Tuesday, October 28, 2008

PTSD Introduction to Hypnotherapy, Part 2

To continue the discussion about PTSD, hypnotherapy, you and me.....

The reason hypnosis works so well has to do with the way it transforms the subconscious mind’s perceptions and beliefs. To begin with, hypnosis works from the assumption that the subconscious mind (the veritable source of all of our internal power) is the storage space of all our past experiences and emotions. In this incredibly vast warehouse, traumatic experiences are filed away on both physical and emotional levels, the stimulus of which can affect our immune system and health. Processing old traumas and the emotional charges attached to them allows a patient to find internal resources that begin the healing process.

In all of this research I come across an article by Michelle Baudry, a board certified clinical hypnotist. In ‘Hypnosis and the Mind’ she explains how the mind subdivides into three parts: the unconscious, the subconscious and the conscious. We can, she says, break down the mind into a computer analogy: the unconscious mind operates automatic body systems in the same way as a computer’s operating system; the subconscious operates like a hard drive by storing information; the conscious mind functions like RAM choosing what information is to be acted on moment by moment. Immediately, the supreme importance of the subconscious mind becomes apparent. In order to update any files, the subconscious must be engaged. We cannot change memories, but we can update how we feel about them. In order to do this, the critical factor of the conscious mind must be bypassed. This is achieved through hypnosis when the conscious mind is set aside during the so-called trance state.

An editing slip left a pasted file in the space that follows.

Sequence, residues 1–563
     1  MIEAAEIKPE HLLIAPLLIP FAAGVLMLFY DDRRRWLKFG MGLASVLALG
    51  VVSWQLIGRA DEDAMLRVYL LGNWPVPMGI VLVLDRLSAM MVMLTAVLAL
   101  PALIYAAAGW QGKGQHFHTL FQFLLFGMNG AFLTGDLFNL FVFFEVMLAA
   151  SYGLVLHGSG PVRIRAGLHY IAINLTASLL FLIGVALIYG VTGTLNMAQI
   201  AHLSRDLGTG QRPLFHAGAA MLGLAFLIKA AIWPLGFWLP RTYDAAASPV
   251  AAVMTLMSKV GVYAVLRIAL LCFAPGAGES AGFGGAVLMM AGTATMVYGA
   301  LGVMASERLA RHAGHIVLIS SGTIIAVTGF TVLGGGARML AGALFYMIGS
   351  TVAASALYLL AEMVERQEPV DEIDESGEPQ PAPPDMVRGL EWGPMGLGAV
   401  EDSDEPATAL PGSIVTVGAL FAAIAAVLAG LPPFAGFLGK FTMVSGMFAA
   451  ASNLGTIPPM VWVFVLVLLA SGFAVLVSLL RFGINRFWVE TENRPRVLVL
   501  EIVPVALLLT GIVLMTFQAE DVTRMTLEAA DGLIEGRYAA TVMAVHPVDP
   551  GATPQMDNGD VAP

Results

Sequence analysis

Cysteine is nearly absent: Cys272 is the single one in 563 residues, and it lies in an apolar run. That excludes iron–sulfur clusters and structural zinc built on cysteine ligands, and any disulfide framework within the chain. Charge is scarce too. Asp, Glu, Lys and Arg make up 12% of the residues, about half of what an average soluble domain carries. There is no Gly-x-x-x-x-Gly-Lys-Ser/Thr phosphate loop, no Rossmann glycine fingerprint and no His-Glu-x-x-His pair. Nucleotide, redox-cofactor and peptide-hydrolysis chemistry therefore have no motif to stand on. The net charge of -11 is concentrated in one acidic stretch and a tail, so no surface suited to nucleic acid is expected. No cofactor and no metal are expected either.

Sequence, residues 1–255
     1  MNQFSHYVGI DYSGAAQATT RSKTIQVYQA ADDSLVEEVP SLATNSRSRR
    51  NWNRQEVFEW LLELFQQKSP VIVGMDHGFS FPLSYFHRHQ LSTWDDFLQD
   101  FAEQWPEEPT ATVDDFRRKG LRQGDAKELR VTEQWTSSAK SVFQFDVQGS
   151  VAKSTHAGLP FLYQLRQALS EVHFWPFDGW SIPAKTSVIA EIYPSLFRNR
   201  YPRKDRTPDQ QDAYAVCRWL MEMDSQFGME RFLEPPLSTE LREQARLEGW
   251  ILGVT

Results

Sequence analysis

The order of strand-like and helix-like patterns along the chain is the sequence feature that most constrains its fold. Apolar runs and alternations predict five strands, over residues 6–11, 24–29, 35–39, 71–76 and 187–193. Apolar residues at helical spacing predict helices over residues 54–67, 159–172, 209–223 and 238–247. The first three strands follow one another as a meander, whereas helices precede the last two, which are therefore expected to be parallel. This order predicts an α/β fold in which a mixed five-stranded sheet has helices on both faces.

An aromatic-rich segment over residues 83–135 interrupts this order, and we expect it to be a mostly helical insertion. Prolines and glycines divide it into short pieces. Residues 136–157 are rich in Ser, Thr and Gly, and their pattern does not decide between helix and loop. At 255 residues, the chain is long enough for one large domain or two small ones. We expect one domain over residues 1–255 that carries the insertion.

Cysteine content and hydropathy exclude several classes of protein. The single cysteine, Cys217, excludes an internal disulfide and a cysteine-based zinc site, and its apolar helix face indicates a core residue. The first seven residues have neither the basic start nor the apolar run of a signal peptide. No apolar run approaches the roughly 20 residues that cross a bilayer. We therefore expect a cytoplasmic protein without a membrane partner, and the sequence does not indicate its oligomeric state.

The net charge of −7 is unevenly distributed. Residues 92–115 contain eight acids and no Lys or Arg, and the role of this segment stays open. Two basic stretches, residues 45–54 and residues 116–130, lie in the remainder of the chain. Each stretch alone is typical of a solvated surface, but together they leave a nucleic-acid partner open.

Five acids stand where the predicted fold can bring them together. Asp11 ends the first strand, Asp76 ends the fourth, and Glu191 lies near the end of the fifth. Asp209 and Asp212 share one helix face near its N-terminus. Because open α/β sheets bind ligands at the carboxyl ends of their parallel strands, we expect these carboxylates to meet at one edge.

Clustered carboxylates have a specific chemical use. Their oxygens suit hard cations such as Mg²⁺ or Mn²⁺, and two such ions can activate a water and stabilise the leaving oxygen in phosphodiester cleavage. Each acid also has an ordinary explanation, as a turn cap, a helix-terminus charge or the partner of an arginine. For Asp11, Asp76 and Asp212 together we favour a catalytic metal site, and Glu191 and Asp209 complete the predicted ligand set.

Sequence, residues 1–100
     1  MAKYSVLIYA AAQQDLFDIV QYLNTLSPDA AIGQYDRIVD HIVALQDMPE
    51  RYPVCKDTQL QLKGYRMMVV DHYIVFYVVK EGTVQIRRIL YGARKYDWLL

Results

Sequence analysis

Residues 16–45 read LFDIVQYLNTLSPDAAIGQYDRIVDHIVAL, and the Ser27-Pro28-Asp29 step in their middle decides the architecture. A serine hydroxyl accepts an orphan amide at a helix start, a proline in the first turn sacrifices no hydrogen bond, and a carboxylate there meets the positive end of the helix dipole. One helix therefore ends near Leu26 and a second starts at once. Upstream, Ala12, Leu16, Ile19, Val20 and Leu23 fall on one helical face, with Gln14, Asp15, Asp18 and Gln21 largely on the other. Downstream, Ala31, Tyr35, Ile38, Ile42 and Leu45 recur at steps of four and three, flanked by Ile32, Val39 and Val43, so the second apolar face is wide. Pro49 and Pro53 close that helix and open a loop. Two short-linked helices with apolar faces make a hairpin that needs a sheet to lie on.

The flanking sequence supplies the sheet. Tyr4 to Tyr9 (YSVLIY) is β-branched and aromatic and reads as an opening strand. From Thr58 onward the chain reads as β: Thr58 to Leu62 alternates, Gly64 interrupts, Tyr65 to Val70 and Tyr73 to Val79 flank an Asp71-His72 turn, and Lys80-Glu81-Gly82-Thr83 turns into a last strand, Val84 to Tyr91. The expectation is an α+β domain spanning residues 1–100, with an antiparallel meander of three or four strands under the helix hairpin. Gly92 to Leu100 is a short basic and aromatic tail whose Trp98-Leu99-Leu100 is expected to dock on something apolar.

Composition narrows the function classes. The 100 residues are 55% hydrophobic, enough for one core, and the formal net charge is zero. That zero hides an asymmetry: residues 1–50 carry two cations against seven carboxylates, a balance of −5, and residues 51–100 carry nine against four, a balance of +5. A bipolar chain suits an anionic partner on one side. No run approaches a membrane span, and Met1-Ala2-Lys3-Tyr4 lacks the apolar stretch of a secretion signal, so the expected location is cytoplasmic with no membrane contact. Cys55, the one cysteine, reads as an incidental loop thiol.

The Baudry article goes on to describe how the subconscious is the part of your mind burdened with the job of protecting you. It will do anything – even adopt negative behaviors – in order to keep you safe. The subconscious mind is a mighty advocate but sometimes can be a little too earnest and excitable. “Misdirection is one highly effective way your subconscious protects you by keeping a lid on overwhelming emotions. Ergo the addict,” Baudry writes. She explains that when these protective measures no longer serve us we feel the need to change. This change is difficult to bring about because the subconscious mind is devoted to its imprinted perceptions. In its bypass of the conscious mind, hypnosis brings the subconscious to the forefront so that changes can be made via suggestions. Hypnotherapy helps change perceptions of memories, which in turn helps change perceptions of the self and hence, behavior. It’s all a very neat little package. The past cannot be changed or escaped, but our emotional and intellectual attitudes toward it can be radically altered. “Talking happens in the conscious mind,” Baudry explains. “Change happens in the subconscious.” Since emotions play a large role in our activity, thoughts and actions, they are an intuitive seat of transformation.

Though we don’t delve into it on a daily basis, the subconscious mind is much greater and stronger than the conscious mind in which we dwell. So, while the conscious mind whips us around all day, the subconscious mind calmly waits at the bottom of some vast personal ocean, ready to rise up like a great watery beast and devour conscious opinion. It just needs the right bait and atmosphere.